Eric’s review published on Letterboxd :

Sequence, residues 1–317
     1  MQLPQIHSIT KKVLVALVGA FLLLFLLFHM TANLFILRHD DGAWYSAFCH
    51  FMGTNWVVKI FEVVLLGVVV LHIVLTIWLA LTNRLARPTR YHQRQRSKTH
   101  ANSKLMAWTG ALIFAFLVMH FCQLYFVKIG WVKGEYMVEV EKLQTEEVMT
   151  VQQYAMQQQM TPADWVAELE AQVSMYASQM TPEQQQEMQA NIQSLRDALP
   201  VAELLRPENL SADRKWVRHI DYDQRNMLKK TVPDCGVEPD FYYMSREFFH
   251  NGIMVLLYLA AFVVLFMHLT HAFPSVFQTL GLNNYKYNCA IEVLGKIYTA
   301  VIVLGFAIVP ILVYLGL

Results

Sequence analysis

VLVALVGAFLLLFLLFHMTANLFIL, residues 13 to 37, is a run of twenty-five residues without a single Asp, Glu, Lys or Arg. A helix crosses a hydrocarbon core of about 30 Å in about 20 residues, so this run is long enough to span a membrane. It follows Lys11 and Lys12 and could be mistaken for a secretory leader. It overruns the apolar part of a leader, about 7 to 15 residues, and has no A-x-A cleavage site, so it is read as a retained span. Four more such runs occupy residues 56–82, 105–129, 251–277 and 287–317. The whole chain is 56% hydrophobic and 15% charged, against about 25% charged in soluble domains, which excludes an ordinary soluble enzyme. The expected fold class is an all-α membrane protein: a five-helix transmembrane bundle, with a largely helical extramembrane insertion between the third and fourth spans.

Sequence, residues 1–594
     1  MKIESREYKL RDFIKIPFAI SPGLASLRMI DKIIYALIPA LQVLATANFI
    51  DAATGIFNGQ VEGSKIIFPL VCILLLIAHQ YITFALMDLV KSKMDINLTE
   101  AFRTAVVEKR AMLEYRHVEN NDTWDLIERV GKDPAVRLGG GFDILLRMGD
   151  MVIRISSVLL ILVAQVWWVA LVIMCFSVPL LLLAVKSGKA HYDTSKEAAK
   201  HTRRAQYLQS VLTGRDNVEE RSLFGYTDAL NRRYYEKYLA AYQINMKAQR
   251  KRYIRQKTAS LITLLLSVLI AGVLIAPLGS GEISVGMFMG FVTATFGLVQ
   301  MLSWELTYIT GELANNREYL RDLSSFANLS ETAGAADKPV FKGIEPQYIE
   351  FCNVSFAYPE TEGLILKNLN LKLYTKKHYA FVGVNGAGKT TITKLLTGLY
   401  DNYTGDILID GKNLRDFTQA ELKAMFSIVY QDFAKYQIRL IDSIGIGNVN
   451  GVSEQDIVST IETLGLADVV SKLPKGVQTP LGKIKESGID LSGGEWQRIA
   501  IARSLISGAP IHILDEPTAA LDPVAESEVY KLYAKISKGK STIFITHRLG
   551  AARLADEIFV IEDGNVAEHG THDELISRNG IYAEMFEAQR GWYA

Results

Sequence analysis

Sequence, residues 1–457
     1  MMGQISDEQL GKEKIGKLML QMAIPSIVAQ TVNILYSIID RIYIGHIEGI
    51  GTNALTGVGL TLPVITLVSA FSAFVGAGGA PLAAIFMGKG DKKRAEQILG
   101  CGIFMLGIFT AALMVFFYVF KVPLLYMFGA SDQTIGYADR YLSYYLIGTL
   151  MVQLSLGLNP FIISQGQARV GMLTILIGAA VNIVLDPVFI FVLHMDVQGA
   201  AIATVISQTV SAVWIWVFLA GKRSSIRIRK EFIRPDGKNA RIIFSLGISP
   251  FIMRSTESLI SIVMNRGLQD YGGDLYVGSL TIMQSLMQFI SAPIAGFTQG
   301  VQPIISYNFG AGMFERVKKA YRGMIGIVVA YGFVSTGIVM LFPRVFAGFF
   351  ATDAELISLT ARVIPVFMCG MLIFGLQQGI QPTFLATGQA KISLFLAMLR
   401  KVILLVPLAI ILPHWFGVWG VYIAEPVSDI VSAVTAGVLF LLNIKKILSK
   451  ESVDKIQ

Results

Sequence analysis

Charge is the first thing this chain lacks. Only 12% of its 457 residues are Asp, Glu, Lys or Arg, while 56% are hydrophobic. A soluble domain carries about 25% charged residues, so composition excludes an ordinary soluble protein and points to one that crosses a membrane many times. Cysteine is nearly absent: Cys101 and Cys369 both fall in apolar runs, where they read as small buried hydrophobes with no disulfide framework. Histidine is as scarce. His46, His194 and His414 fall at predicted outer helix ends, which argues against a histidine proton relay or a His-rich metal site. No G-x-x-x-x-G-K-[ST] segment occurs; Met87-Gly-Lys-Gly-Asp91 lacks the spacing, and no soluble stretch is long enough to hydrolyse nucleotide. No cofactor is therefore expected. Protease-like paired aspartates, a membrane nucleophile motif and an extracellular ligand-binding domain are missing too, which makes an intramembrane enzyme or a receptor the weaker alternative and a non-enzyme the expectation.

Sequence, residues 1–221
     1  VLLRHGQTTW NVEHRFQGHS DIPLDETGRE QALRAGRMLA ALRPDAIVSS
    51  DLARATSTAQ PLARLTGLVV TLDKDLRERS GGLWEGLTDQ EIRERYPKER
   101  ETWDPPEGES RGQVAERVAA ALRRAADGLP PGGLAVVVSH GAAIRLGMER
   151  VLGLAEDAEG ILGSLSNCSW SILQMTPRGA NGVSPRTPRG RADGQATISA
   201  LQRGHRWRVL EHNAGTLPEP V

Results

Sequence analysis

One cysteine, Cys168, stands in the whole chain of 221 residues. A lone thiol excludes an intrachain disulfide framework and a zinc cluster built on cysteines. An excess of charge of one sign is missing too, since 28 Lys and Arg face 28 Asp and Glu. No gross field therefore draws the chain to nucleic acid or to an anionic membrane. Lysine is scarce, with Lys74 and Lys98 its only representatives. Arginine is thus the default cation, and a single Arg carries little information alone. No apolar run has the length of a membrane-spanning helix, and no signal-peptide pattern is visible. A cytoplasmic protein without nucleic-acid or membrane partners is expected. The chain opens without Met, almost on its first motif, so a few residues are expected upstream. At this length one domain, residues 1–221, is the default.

Director Terence Davies has carved a career out of his haunting, nostalgic portraits of British pastimes. In the semi-autobiographical The Long Day Closes, a a young boy is raised by the beauty and escapism of the cinema screen. Similarly, A Quiet Passion finds Emily Dickinson (Cynthia Nixon) as a woman who comes to understand and expand her world through Brontë novels. Although Dickinson has steadfast convictions and a strong opinion regarding marriage’s deadening potential on women, the film is far from a celebration of Dickinson as a figure of social justice—she is instead seen as a woman who rigidly defines the world through strict moral parameters, showing a concern for truth and decorum while neglecting the falsity of piousness. Her contradictions are clearly a fascination for Davies. As much as she neglects a suitor and denies the possibility, an ethereal dream sequence imagines her dark suitor arriving up the stairs. If she is not concerned with fame, she nonetheless clings to the approval of a married reverend. The film humanizes Dickinson through these comparisons, characterizing her as a vulnerable, undoubtedly clinically depressed genius whose idea of what the world should be was never met by the world that was.